On the 16th December 1431, Henry became King of France, and in 1437, he took over power of England.

In 1453, the houses of Lancaster and York started a feud, and in 1454 Richard the Duke of York, is named Regent and Protector of the realm during Henry’s mental breakdown.  He sees his chance, and makes a claim towards the throne.

Henry VI recovers from his illness, and it is left to his wife Margaret of Anjou to dismiss Richard, the Duke of York from Henry’s court.  The Lancastrians aided by Margaret of Anjou had regained power.

The Duke of York raises an army in 1455 defeating the Kings Lancastrian army at the “Battle of St.Albans” on the 22nd May.

The Duke of Somerset, the Lancastrian leader is killed in battle as the Duke of York takes over England’s Government. 

On the 10th July 1460, Yorkist army led by Richard Neville, Earl of Warwick clash with Lancastrian forces.  King Henry VI is captured, and Richard, the Duke of York is England’s Protector once again.

In October 1460, the “Act of Accord” named Richard, the Duke of York as successor to the English throne.

Richard, the Duke of York is killed at the “Battle of Wakefield” by Lancastrian forces, and so it was, his son pressed home his claim for the English throne.

Queen Margaret and her Lancastrian army heads south, defeats the Earl of Warwick at St.Albans, releasing Henry VI.

Edward of York defeats Margaret’s Lancastrian forces on the 29th March 1461 at the “Battle of Towton,” and Henry VI and Margaret flee to Scotland, as Edward declares himself King Edward IV.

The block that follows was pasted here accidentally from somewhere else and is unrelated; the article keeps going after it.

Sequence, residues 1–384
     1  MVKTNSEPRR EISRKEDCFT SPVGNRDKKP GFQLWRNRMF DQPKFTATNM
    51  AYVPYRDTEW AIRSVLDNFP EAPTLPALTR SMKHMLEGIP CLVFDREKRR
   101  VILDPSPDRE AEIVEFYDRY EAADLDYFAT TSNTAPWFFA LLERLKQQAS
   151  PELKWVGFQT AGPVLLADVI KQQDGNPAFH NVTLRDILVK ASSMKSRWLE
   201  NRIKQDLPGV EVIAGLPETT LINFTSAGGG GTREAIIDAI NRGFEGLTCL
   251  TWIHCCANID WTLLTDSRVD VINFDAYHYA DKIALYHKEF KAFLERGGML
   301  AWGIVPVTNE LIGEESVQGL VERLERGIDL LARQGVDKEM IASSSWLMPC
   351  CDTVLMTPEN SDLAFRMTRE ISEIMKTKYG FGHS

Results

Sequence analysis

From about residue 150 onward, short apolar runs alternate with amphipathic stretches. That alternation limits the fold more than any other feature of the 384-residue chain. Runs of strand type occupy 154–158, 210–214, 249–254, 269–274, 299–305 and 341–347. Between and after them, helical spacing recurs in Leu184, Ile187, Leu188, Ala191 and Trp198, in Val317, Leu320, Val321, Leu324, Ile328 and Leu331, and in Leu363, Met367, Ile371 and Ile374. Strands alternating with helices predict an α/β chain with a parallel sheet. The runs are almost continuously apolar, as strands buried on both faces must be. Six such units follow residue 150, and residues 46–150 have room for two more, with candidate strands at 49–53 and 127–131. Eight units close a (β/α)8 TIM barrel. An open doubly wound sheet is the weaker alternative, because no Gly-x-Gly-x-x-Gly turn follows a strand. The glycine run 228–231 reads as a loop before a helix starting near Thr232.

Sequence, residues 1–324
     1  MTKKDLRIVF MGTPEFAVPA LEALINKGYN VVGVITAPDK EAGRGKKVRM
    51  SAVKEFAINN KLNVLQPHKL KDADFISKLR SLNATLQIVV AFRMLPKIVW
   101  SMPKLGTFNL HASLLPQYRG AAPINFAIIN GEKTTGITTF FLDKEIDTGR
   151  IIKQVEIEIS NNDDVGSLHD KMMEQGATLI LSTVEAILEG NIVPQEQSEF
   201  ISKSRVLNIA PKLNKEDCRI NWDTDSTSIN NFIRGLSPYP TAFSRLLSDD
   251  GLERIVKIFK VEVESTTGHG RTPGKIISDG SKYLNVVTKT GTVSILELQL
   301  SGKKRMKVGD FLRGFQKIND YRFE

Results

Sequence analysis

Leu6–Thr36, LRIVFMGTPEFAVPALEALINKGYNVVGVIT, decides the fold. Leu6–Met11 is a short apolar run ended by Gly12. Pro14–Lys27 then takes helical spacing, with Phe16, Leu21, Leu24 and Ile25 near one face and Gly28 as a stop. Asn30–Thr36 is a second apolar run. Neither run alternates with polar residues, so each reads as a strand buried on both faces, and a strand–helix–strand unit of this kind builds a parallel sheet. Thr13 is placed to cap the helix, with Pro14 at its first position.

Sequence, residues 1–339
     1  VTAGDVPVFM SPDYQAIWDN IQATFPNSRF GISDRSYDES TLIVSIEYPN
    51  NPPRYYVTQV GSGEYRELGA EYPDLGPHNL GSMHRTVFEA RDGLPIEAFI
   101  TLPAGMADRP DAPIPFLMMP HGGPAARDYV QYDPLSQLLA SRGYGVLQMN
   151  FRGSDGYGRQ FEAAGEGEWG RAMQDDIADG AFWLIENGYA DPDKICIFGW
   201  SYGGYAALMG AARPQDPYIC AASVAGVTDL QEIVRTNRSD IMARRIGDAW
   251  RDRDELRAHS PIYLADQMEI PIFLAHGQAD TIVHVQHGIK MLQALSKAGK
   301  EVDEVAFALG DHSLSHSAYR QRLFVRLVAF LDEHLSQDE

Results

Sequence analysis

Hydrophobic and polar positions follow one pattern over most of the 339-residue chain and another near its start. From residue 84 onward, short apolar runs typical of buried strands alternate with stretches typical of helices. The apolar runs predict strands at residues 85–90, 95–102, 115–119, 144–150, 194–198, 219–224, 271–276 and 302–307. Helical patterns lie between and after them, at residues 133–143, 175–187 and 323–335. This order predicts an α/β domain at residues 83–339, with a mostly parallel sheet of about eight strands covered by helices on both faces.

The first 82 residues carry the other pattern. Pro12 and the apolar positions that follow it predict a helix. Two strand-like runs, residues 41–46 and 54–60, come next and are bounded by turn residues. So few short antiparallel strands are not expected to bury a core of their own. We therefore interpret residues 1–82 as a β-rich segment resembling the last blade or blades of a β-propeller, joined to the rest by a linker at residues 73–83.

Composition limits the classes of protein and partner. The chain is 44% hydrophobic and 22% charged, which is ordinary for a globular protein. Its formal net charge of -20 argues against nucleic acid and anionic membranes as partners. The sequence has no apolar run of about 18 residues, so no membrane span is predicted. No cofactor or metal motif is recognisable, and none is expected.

In 1470 a rebellion led by the Earl of Warwick, and the Duke of Clarence, failed forcing them to take refuge in France and make an alliance with Margaret of Anjou… The French supported an English invasion, led by Margaret, Warwick and Clarence.

King Edward IV fled as news reached him that the Duke of Clarence, had changed sides supporting the Lancastrians.  On the 3rd October 1470, King Henry VI was reinstated as England’s King.

On the 14th April 1471 at the “Battle of Barnet” King Edward IV is triumphant, and King Henry VI is imprisoned in the Tower of London.

On the 4th May 1471, the Lancastrian line is all but destroyed, as Edward, the Prince of Wales is killed in the “Battle of Tewkesbury.”  Queen Margaret and her daughter-in-law Anne Neville are taken prisoner.